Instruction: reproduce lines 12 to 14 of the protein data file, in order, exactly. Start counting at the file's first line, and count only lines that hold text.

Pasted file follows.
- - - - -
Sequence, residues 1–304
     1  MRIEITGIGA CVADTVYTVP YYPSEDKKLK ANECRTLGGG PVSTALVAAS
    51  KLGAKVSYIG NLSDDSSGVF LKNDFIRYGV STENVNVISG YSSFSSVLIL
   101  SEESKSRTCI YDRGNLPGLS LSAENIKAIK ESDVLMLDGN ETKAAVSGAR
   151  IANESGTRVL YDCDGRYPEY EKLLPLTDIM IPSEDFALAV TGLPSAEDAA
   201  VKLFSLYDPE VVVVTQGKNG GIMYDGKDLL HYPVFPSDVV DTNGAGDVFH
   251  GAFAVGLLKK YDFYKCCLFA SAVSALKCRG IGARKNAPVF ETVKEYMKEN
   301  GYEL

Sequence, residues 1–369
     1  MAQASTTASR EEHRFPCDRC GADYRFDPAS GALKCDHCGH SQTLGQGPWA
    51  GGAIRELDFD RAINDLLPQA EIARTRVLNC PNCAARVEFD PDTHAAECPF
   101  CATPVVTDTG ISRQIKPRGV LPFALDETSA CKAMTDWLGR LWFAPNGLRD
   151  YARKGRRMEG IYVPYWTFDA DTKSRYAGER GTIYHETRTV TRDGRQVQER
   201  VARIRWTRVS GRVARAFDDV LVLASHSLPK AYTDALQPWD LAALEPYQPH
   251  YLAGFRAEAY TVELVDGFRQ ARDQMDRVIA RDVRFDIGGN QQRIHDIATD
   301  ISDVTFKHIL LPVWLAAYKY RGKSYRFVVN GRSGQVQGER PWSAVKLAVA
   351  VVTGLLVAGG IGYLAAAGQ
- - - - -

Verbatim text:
   101  CATPVVTDTG ISRQIKPRGV LPFALDETSA CKAMTDWLGR LWFAPNGLRD
   151  YARKGRRMEG IYVPYWTFDA DTKSRYAGER GTIYHETRTV TRDGRQVQER
   201  VARIRWTRVS GRVARAFDDV LVLASHSLPK AYTDALQPWD LAALEPYQPH